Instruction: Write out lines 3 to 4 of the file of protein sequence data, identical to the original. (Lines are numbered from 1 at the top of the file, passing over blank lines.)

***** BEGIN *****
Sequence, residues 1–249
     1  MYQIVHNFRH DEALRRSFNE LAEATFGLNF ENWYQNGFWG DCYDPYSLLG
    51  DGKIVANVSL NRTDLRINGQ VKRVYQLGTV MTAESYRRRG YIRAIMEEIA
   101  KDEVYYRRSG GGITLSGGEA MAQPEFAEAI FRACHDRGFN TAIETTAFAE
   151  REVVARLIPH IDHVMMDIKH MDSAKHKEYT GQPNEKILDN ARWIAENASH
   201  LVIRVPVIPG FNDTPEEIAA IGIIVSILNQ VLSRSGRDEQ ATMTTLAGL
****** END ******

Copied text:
    51  DGKIVANVSL NRTDLRINGQ VKRVYQLGTV MTAESYRRRG YIRAIMEEIA
   101  KDEVYYRRSG GGITLSGGEA MAQPEFAEAI FRACHDRGFN TAIETTAFAE